Baltimore currently has three state-designated arts and entertainment districts: in Station North, Highlandtown and around the Bromo Tower. However, many community leaders and residents have advocated for the creation of a fourth arts district around Pennsylvania Avenue in West Baltimore that focuses on black art.
Arts districts are specific urban areas which are designed to create centers for cultural consumption. Benefits to an arts district include tax credits for construction or renovation of artistic spaces and the chance to become home to new businesses and cultural events.
Activists are proposing Pennyslvania Avenue as the location for the black arts district due to its historical significance. In the 20th century, Pennyslvania Avenue was a popular location for black artists, particularly jazz musicians.
At The Art of Activism, an event promoting the creation of the district, community residents, artists and activists gathered to celebrate the culture and art from the area. The event, which took place on Sept. 8, was hosted by Leaders of a Beautiful Struggle (LBS).
Established in 2010, LBS is a Baltimore grassroots think tank created to improve the lives of black people. Through youth leadership development and political advocacy, LBS seeks to provide a voice for the city’s black communities.
“Lady” Brion Gill, cultural curator for LBS, has served on Baltimore City Mayor Catherine Pugh’s Safe Arts Task Force. The Task Force seeks to increase access to safe art spaces and activities in the Baltimore area. Gill proposed the creation of the district when she was served on the Mayor’s Task Force.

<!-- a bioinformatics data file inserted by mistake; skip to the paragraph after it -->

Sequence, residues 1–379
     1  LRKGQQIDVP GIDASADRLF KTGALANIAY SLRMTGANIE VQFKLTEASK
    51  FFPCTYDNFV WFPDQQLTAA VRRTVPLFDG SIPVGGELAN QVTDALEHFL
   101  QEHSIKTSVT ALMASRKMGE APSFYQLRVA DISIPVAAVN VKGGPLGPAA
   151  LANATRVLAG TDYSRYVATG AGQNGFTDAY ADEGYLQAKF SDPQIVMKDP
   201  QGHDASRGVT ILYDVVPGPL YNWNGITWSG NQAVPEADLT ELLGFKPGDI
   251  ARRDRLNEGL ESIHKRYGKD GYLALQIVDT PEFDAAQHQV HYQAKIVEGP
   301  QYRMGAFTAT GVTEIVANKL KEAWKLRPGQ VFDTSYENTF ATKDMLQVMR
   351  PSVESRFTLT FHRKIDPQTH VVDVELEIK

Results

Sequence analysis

Gill is working in partnership with the University of Baltimore, Jubilee Arts, Pennsylvania Avenue Main Street and other Baltimore schools and organizations, to establish Mary-
land’s first Black Arts and Entertainment district.
The Art of Activism featured artistic workshops, such as painting and West African dance, and a retrospective panel discussion to reflect on the history of the area.
“We’ve done a lot in Baltimore,” Gill said. “This is one of our newer projects, and hopefully when the arts and entertainment district comes to fruition, it will be housed under LBS.”
Marion Blackwell, a representative from Pennsylvania Avenue Main Street, one of the partner organizations of LBS, explained that Main Street focuses on the redevelopment and revitalization of the main streets of Baltimore.
Blackwell explained that the organization aims to rebuild these communities through bringing in economic development, predominantly through black businesses.
“There were many black businesses in the area, and they basically supported the surrounding communities,” Blackwell said. “Over a number of years, after the riots, the neighborhood went down, and it never did come back up again.”
Blackwell gave the example of a boxing center half a block from the event that is known to produce nationally recognized young boxers.
“The boxing center does a tremendous job of taking boys off the street and teaching them discipline through boxing and many of them are champions,” Blackwell said.
According to Blackwell, Baltimore, alongside Harlem, was a central area of renaissance for “black America.”
However, she explained, achievements by the Baltimore black communities are often overshadowed by negative connotations.
At the start of the event, Nneka Nnamdi, the director of Community Development, began with a libation. Nnamdi described a libation as a simple prayer done in honor and respect in reverence of one’s ancestors.
She stated that this was an event meant for remembrance of ancestors. Nnamdi also stated that this event was a way of looking forward to future redevelopment of black arts in the City.
“For those that we do this work for, this work that we may not see come to fruition; for those who come to us later; those are the people that we want to say thank you to.” Nnamdi said. “We are here for you, we are doing this working to create a better world.”